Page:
When I was dating the longest term of my ex's (you know, the one I write about who dumped me for a simple, fat, nelly, skeez while I was away at the war and who lives 80 feet away from my little house near the big lake), at one point we decided for many reasons (he was a virgin when we met; I was going to be away at the war for an extended period; I am only a Top, him having Top urges he needed to express, etc.) that we'd have an open relationship. As many couples who end up getting to this point often do, we decided we needed to establish some ground rules: no over nights; no 'dating', just hook ups; no f*cking in the bed which we shared, and so on and so forth). These all seemed like reasonable ground rules. The problem: he wasn't able to abide by any of these guidelines. He ended up 'accidentally' spending the night with the skeez. That led to dating the skeez, and then worst of all, f*cking the skeez in the bed we shared. When I found out all of this stuff had happened, it wasn't the physical cheating which bugged me. It was the emotional cheating that did. I mean, I'd been away at the war and had gotten laid many times myself. I spent, for example, many, MANY, long, enjoyable hours being serviced by a sexy, Hapa surfer boy. Trust me, the sex was mind-blowing. Anyway, no matter how good the sex was (and boy was it good, have I mentioned that), there was no 'emotional' line crossed. Sure we were friends, I think we still are. But it was clear that is all we were. Am I glad we became friends? Yes. Was the sex great? Absolutely! Was there an emotional attachment beyond the original 'boy crush' and then lingering friendship? No. He knew were just friends, I knew we were just friends, and that was fine with us both.
So, what was the difference? I believe it was that I had the experience to know the difference between being 'emotionally monogamous' and being physical monogamous', and he, my ex, didn't. At some point he crossed a line, for whatever reason, justifying his behavior to himself. Unfortunately, to the point of spending time with me upon my return from the war hunting for $800K water front property, while at the same time telling the skeez he was in love with him and planning on dumping me. But that is the topic for a different article.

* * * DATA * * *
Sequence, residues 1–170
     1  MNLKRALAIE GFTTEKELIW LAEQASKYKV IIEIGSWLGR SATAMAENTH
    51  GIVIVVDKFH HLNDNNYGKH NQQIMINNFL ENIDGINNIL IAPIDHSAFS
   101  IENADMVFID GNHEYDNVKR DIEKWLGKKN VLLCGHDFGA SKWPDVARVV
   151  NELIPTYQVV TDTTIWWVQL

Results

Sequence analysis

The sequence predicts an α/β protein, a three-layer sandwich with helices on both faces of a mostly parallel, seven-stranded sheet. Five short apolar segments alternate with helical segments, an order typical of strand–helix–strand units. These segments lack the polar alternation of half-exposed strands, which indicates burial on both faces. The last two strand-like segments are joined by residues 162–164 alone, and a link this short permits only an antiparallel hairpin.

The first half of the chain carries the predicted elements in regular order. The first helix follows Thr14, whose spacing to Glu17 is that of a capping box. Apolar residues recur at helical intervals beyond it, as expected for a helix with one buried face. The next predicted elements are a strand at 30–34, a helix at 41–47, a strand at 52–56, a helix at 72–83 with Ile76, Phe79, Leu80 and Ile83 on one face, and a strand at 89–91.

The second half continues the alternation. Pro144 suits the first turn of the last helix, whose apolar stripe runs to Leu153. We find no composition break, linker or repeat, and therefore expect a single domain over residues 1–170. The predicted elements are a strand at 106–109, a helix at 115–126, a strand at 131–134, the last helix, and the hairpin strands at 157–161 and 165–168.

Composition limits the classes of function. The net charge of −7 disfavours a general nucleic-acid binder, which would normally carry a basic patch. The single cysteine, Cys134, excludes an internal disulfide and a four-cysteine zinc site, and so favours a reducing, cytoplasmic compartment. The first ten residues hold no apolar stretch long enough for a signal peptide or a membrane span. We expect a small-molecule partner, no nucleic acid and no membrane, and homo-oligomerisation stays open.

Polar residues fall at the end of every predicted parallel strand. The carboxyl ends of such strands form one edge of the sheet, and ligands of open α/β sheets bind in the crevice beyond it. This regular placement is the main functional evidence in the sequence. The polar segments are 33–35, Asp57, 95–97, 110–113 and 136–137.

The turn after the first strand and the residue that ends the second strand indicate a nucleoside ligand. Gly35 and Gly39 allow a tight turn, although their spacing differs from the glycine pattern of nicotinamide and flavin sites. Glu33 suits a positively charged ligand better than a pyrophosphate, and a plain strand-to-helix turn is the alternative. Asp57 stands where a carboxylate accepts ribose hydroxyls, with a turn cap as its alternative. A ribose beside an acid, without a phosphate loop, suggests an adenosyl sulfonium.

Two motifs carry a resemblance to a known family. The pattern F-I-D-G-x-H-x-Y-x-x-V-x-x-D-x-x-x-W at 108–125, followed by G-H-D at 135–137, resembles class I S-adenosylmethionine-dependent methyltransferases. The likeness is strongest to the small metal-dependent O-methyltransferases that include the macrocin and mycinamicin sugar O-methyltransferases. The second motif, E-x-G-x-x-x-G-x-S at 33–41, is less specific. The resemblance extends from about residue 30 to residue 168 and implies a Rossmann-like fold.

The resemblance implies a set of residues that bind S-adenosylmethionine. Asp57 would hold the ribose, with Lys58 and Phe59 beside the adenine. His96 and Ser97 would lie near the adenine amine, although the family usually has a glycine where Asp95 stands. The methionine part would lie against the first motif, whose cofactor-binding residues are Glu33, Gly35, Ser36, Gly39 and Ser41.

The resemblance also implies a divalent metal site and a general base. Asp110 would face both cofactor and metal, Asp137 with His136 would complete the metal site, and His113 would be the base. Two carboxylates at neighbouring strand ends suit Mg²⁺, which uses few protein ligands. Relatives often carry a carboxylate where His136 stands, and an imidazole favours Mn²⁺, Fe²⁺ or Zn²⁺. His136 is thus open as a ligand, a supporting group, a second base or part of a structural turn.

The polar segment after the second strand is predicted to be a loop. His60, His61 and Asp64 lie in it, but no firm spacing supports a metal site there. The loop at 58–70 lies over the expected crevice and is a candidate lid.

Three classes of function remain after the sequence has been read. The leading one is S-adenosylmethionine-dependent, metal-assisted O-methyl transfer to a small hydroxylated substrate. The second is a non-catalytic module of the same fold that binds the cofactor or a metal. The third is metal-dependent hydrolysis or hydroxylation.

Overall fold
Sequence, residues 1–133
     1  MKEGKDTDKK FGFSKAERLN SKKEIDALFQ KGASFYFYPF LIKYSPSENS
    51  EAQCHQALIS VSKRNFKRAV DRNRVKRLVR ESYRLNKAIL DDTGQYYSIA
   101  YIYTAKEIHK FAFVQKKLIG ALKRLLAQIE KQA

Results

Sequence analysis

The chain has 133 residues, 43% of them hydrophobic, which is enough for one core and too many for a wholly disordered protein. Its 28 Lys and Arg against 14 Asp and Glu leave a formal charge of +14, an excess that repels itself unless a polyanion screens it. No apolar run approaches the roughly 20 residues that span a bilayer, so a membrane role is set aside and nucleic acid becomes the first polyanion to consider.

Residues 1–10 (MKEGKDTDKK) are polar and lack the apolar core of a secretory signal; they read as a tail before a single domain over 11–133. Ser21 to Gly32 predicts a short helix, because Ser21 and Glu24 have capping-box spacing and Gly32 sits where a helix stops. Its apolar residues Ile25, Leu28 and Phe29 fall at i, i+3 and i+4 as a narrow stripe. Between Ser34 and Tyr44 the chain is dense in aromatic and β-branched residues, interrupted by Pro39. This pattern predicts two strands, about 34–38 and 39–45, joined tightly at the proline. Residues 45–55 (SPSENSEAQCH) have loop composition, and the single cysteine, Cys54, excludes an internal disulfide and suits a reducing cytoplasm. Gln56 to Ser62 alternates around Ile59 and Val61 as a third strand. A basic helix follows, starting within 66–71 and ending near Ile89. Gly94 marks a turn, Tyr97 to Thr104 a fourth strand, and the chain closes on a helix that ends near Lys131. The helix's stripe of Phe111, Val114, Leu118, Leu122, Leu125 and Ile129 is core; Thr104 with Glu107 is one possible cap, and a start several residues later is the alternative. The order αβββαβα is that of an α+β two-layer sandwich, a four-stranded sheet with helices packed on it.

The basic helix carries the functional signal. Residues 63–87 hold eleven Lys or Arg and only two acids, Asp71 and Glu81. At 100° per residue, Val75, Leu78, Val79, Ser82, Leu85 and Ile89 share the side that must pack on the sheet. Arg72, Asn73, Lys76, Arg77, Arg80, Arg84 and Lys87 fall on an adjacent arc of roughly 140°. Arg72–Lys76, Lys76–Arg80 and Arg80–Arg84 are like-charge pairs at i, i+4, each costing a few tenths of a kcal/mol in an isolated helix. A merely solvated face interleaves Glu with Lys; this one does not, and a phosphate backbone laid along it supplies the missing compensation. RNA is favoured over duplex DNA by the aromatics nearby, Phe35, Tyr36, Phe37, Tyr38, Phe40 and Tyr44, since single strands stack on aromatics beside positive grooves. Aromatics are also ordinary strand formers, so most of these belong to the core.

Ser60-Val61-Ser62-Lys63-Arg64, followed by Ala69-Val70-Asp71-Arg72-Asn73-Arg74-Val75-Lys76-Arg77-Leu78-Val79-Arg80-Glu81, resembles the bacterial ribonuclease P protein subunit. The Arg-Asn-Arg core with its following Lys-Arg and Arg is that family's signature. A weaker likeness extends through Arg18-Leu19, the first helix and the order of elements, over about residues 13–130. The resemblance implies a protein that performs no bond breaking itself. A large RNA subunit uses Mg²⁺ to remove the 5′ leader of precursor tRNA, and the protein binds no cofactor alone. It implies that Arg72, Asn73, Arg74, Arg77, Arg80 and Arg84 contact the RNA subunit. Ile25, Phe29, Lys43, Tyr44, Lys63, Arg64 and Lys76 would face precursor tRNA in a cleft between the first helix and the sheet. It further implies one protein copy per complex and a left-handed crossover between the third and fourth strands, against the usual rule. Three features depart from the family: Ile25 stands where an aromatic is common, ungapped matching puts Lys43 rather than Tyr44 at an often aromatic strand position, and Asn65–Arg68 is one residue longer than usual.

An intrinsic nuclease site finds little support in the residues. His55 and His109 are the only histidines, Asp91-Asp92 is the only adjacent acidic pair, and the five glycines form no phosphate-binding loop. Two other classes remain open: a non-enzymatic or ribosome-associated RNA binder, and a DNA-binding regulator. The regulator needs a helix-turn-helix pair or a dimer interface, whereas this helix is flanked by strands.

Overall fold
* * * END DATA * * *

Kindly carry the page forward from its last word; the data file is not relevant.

With my most recent young man, we approached monogamy differently. For a variety of reasons we never 'declared' monogamy. And, having not done so, we never had to have the 'open or closed' relationship talk. Did we talk, in general, about making sure to be safe, if we did play? Yes. Were we discrete when we were first casually dating and playing happened, so as not to rub it in the face of the other? Yes. I believe we were able to do this because we'd both been in relationships before and we'd experienced how the 'restriction' of monogamy often leads to 'cheating'. Did I like it knowing he might sleep with someone else? No. Trust me, the thought made me want to throw up. I hate to admit it, but it still does, even after all this time (he moved across the country in August). Did he like it when I did it? No, not really. But, by not placing a restriction on such behavior, it freed us to chose to be monogamous, or mostly so. I don't believe he slept with anyone else for the last two years we were together, perhaps even longer. I didn't sleep with anybody else, with one notable exception, during that same period. And he knew about that one exception and, if not giving me his blessing, at least his understanding.
I think that too many relationships are damaged by demanding the expectation of monogamy, without understanding what that word means, or that there are variations on this theme. Granted, I am not dating anybody now, nor do I expect to any time soon, but if I do, I hope we can find a way to agree on this issue. I hope that we will both be able to discuss this topic, tell the difference between emotional and physical monogamy, and come to a reasonable agreement.
At least, that is what This Daddy thinks.
Tim Kasher - Monogamy
Uploaded by mattmmm123 on Dec 1, 2008
Live at the Troubadour, November 30, 2008